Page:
Flor de Gonzalez 20 Aniversario Maduro
So, you guys should all be familiar with Jeff by now. He’s our honorary Casas Fumando writer, and he kicked out tons of great reviews. If he keeps this up we are going to force him to join us full time. Until then, enjoy his newest “Guest” review.
In 2015, Flor de Gonzalez, maker of the popular 90 Miles cigars, released the 20 Aniversario line to commemorate the 20th anniversary of the opening of the family’s factory in Hialeah, FL in 1995. Although manufacturing has since moved to Nicaragua, Flor de Gonzalez continues to maintain a presence in Florida. The 20 Aniversario comes in both an 8 year-old Ecuadorian Connecticut and a 5 year-old US Connecticut Broadleaf Maduro wrapper. According to the information that brand owner Yadi Gonzalez Vargas sent me, those two wrappers were chosen because they were the wrappers used on the original Flor de Gonzalez cigars. Sizes for both wrapper lines are: Robusto 5 ½ x 50, Toro 6 ½ x 54, and Torpedo 6 ½ x 52, with all of them having a soft box press. Prices run from $9.60 for the Connecticut Robusto to $10.80 for the Broadleaf Torpedo, with 1,500 boxes of each wrapper and vitola being released.
Wrapper: 5 year-old US Connecticut Broadleaf Maduro
Size: Robusto 5 ½ x 50 box pressed
Smoking time: One hour, twenty minutes
Pairing: Unibroue Trois Pistoles Belgian style dark ale (ABV 9%)
The FDG 20 Aniversario Maduro presents itself in a rustic wrapper mottled in medium to very dark hues of brown with a few small to medium veins in a lumpy, bumpy, and firm roll. The bands are quite handsome in their gold, red, and beige color scheme. The wrapper gives off a light, tart barnyard scent, while the foot adds mossy earth to the aroma. Once clipped, the draw is rather tight, but offers up sweet spice and natural tobacco notes.
The snug draw doesn’t keep the Flor de Gonzalez 20 Aniversario from giving up a generous mouthful of smoke. The sweet spice is first to hit the tongue, followed by earthy tobacco, oaky wood, and black pepper pungency. The pepper soon recedes, as leather, light coffee, and a bit of savoriness creep in. The burn line is a little thick and just a bit slanted, leaving behind a compact, light and medium gray layered ash that hangs on well past an inch before falling into my ashtray.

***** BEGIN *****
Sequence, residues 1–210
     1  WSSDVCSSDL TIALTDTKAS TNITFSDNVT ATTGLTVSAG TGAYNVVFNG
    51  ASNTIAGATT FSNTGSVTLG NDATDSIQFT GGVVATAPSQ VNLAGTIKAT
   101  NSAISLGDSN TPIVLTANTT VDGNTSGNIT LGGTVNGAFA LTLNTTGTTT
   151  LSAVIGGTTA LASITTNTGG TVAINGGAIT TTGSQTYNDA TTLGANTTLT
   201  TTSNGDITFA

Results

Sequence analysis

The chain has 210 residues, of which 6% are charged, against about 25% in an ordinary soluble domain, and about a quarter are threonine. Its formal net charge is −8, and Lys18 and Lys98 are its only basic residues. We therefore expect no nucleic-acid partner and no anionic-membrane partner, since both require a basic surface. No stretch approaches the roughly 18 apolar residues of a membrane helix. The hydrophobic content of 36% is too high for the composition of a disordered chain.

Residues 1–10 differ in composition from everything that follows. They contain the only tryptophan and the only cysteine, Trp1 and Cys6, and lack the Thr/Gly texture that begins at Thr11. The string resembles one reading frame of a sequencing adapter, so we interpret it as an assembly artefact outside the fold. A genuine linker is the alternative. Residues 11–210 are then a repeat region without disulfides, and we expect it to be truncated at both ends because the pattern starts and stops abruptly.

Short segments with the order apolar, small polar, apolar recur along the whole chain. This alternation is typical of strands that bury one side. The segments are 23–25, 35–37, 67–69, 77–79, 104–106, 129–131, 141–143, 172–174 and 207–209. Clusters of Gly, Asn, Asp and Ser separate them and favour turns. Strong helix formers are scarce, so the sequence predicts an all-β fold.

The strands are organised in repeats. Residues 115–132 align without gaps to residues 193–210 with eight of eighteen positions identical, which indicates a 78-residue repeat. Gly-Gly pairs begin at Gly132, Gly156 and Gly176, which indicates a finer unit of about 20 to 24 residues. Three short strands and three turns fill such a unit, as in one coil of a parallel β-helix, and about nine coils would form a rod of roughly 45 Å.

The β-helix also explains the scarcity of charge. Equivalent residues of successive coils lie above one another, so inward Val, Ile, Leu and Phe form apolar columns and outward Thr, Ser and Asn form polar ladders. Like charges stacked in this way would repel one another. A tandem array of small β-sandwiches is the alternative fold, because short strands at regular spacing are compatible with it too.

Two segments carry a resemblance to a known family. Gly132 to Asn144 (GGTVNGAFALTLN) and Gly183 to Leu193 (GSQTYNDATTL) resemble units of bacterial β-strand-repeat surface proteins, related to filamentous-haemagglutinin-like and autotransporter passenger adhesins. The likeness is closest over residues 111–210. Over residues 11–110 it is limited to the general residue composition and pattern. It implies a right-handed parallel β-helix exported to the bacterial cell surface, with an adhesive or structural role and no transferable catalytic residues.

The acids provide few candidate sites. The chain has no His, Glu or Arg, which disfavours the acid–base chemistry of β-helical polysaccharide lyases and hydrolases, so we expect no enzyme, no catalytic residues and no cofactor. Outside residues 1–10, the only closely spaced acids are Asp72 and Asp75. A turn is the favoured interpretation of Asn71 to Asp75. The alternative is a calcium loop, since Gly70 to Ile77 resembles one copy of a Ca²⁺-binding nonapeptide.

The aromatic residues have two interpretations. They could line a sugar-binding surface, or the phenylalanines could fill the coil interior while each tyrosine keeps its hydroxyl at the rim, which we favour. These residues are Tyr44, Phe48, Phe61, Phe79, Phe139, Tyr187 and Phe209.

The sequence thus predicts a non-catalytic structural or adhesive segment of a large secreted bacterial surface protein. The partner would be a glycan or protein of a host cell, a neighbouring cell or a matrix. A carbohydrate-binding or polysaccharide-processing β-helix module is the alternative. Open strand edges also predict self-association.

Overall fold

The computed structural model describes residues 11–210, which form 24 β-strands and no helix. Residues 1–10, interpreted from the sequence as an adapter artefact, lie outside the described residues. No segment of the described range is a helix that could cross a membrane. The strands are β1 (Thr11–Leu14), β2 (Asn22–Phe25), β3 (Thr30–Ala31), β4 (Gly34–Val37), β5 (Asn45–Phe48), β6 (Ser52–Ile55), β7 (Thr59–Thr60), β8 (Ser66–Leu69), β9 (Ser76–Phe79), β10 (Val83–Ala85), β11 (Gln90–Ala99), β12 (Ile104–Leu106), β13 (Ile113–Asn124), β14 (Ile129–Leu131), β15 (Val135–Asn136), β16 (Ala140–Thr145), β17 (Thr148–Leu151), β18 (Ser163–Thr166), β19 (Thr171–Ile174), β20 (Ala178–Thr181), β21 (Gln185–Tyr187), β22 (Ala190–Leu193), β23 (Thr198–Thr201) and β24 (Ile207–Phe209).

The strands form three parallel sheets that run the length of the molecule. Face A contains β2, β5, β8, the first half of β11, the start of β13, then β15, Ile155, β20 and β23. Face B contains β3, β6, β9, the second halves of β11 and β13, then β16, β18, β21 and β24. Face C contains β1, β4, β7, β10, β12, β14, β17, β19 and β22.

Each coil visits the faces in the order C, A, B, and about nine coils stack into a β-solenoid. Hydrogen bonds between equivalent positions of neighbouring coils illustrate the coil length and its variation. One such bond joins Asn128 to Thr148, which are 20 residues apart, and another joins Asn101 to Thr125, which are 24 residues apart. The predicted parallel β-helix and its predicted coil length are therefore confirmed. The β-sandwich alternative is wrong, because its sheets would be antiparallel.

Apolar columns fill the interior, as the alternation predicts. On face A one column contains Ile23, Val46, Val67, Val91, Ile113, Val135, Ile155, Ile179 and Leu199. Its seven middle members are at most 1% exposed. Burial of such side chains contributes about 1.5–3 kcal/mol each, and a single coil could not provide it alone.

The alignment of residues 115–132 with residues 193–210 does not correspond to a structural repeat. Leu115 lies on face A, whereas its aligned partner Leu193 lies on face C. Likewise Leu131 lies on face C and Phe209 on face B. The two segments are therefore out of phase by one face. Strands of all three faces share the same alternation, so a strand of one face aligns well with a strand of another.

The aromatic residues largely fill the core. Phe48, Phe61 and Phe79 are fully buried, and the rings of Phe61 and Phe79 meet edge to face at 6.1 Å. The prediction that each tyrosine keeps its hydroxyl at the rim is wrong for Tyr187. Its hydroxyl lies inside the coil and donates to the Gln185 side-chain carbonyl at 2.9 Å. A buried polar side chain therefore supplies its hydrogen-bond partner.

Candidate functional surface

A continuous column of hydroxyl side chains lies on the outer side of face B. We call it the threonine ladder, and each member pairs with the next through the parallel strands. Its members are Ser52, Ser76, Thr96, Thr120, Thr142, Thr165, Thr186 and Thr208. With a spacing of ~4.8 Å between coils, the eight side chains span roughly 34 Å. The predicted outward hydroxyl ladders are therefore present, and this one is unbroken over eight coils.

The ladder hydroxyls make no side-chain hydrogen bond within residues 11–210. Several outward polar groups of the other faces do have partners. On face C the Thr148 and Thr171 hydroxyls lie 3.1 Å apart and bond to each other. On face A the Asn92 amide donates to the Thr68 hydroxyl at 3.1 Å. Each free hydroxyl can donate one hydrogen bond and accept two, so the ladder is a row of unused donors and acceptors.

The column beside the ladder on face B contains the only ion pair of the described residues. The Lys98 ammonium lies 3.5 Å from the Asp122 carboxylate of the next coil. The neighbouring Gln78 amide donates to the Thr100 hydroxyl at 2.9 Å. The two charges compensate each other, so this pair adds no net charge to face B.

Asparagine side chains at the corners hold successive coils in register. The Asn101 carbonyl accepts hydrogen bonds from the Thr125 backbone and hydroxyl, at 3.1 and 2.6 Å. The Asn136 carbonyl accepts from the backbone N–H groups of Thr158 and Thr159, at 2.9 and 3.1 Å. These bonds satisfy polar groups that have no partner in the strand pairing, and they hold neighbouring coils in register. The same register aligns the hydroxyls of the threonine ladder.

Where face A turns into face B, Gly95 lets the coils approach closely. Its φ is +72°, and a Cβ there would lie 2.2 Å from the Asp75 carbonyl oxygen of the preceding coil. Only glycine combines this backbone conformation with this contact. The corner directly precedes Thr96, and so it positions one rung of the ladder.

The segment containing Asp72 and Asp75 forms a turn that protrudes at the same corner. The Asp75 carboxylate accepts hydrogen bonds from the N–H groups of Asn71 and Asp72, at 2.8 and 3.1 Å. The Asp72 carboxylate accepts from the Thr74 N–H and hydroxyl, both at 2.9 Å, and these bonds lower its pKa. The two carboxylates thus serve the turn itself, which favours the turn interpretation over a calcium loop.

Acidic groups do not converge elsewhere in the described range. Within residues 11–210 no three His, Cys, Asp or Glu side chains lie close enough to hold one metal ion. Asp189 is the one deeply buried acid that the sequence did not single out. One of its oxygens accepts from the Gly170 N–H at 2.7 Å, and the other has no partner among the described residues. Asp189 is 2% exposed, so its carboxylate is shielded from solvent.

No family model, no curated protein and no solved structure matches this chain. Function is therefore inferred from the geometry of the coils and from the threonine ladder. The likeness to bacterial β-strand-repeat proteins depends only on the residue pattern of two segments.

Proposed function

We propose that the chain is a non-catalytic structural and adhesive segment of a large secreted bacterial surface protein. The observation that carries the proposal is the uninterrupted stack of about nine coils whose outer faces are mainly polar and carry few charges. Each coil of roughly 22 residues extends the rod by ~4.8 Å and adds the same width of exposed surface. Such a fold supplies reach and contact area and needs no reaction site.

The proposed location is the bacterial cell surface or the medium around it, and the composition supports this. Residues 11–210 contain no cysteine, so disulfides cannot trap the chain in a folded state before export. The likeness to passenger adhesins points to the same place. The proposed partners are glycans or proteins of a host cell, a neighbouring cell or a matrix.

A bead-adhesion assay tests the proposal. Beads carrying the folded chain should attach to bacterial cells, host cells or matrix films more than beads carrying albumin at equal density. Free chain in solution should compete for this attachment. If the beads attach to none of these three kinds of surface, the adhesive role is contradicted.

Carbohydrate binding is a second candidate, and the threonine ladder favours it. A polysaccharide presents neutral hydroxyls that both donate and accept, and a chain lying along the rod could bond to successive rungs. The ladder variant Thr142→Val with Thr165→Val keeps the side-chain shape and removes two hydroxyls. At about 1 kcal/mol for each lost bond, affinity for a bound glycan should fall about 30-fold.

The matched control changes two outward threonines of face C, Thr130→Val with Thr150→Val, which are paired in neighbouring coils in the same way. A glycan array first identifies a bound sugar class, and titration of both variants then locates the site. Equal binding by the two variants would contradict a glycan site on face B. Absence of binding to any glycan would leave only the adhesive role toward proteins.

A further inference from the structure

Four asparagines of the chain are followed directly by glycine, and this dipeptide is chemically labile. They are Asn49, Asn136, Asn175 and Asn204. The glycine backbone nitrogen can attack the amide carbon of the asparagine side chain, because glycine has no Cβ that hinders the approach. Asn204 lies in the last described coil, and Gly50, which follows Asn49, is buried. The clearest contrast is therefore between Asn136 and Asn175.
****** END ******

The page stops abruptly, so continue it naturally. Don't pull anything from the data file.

The Flor de Gonzalez 20 Aniversario Maduro moves into its middle third adding bready notes while presenting a smooth and rather refined front, while now burning sharp and evenly. A zing that’s not quite metallic, but more mineral, has shown up as the cigar moves into medium-plus territory. Near the tail end of this section, the coffee has morphed into more of a bittersweet mocha and a tiny amount of wood char has also moved in.
The earth, wood, and sweet spice continue to drive the cigar, while coffee and light char linger in the background along with occasional hints of cream. The pepperiness that had faded in the prior third has returned with a little more than an inch remaining. The Flor de Gonzalez 20 Aniversario Maduro smokes absolutely cool and firm down to the nub, ending at medium-plus in body and low-medium in strength.
The Flor de Gonzalez 20 Aniversario Maduro is a great example of how our expectations can sometimes fool us. While I was figuring that I was in for a big, sweet, chocolaty smoke, it turned out to much more refined than that, and that’s cool. Not every Broadleaf stick has to hit one over the head with big, rich chocolate flavors, and I very much enjoyed this experience, although the first one I smoked actually did have more sweet mocha in it while I smoked it. The flavors were smooth and melded very well, and the construction, despite the initially tight draw, was superb, with not a thought of having to reach for my lighter for corrections or re-lights and there was no problem getting a copious amount of smoke from the cigar. For a limited edition cigar, I think the price is very reasonable, and I would certainly recommend giving it a try. You can pick up the Flor de Gonzalez from our good friends at Cuenca Cigars here.
The Unibroue Trois Pistoles Belgian style ale from Casas Fumando’s favorite Canadian brewery is described as a “strong dark ale”, but it always seems pretty damned smooth to me, with the 9% alcohol being well hidden. I don’t get the celery and tomato flavors that Tony does, but more dark fruit and heady malt, which is why I wanted to pair it with this cigar. It did indeed make for a harmonious match initially, but somehow a very tangy finish, which I haven’t experienced before, crept in later and threw things off a bit. It’s probably just an anomalous batch, so I would definitely give it another shot. Otherwise, a nice sweet strong or Wee Heavy ale, a coffee porter, a sweet rum, or fruity bourbon would also be something I would pair with the Flor de Gonzalez 20 Aniversario Maduro.